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Open AccessArticle

Sociology in Global Environmental Governance? Neoliberalism, Protectionism and the Methyl Bromide Controversy in the Montreal Protocol

Department of Sociology, and the International Studies Program, Boston College, 140 Commonwealth Avenue, Chestnut Hill, MA 02467, USA
Environments 2017, 4(4), 73; https://doi.org/10.3390/environments4040073
Received: 14 August 2017 / Revised: 3 October 2017 / Accepted: 4 October 2017 / Published: 10 October 2017
Sociological studies of global agriculture need to pay close attention to the protectionist aspects of neoliberalism at the global scale of environmental governance. With agri-food studies in the social sciences broadening interrogations of the impact of neoliberalism on agri-food systems and their alternatives, investigating global environmental governance (GEG) will help reveal its impacts on the global environment, global science/knowledge, and the potential emergence of ecologically sensible alternatives. It is argued here that as agri-food studies of neoliberalism sharpen the focus on these dimensions the widespread consequences of protectionism of US agri-industry in GEG will become better understood, and the solutions more readily identifiable. This paper illustrates how the delayed phase out of the toxic substance methyl bromide in the Montreal Protocol exemplifies the degree to which the US agri-industry may be protected at the global scale of environmental governance, thus prolonging the transition to ozone-friendly alternatives. Additionally, it is clear that protectionism has had a significant impact on the dissemination and interpretation of science/knowledge of methyl bromide and its alternatives. Revealing the role that protectionism plays more broadly in the agriculture/environmental governance interface, and its oftentimes negative impacts on science and potential alternatives, can shed light on how protectionism can be made to serve ends that are at odds with environmental protection. View Full-Text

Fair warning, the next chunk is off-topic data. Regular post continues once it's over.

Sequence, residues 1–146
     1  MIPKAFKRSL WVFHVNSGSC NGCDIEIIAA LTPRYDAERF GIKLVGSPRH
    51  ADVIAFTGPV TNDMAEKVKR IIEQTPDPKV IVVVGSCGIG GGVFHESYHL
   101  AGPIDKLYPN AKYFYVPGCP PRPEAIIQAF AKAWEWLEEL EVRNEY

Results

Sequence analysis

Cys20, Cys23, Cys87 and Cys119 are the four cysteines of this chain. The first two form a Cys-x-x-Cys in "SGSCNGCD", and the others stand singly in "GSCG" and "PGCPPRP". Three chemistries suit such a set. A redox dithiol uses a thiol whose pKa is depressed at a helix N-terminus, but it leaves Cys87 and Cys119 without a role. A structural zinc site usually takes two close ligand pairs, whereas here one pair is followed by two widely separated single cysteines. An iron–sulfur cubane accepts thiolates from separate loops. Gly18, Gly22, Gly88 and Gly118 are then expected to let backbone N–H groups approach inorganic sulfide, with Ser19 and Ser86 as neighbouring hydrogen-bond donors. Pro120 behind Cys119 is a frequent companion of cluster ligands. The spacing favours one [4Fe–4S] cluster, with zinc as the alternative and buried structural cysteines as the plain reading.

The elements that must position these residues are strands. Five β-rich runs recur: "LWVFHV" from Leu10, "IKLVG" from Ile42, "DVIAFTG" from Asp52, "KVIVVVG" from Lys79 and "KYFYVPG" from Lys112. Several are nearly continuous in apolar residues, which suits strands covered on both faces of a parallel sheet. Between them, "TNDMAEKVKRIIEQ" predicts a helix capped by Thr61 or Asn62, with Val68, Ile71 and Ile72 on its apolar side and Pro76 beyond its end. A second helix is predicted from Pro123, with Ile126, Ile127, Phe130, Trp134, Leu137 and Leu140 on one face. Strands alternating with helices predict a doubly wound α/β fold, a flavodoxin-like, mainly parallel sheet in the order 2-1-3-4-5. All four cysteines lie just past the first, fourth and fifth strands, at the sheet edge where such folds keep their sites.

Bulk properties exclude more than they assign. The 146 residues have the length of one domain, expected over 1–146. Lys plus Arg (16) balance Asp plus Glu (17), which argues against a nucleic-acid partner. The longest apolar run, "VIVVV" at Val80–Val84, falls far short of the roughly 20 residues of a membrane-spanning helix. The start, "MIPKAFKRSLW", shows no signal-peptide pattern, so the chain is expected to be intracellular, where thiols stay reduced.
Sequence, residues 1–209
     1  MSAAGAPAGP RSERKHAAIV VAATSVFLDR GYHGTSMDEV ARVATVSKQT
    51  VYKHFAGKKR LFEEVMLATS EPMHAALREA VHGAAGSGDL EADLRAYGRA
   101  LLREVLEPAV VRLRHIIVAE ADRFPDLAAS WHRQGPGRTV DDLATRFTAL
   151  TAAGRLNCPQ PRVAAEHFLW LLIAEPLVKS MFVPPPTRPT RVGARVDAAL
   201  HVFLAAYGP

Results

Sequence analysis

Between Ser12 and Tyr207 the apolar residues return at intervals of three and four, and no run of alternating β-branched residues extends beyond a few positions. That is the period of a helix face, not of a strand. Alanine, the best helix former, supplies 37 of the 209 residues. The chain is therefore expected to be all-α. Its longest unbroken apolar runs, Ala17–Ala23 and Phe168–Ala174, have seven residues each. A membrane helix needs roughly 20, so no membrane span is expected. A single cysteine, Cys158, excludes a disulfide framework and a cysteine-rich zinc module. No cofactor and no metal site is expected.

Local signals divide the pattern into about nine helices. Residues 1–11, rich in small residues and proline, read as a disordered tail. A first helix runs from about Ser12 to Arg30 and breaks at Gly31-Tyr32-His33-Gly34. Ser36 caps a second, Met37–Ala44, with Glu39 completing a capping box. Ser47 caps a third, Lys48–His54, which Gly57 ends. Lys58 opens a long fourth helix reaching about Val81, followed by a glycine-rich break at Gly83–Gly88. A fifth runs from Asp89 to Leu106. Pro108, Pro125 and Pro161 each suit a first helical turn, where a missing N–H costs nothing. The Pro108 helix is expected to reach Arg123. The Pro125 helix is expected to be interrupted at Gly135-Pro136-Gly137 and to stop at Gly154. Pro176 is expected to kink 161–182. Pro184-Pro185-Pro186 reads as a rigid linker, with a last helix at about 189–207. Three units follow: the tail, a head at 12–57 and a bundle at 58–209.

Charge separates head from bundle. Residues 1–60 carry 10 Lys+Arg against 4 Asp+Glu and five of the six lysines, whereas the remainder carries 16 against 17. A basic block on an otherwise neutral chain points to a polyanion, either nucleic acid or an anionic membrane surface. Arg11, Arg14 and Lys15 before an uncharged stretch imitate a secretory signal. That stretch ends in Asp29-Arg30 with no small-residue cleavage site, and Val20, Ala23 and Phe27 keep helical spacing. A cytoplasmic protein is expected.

Keywords: global environmental governance; Montreal Protocol; methyl bromide; neoliberalism; protectionism; science; strawberries; sociology global environmental governance; Montreal Protocol; methyl bromide; neoliberalism; protectionism; science; strawberries; sociology
MDPI and ACS Style

Gareau, B.J. Sociology in Global Environmental Governance? Neoliberalism, Protectionism and the Methyl Bromide Controversy in the Montreal Protocol. Environments 2017, 4, 73.

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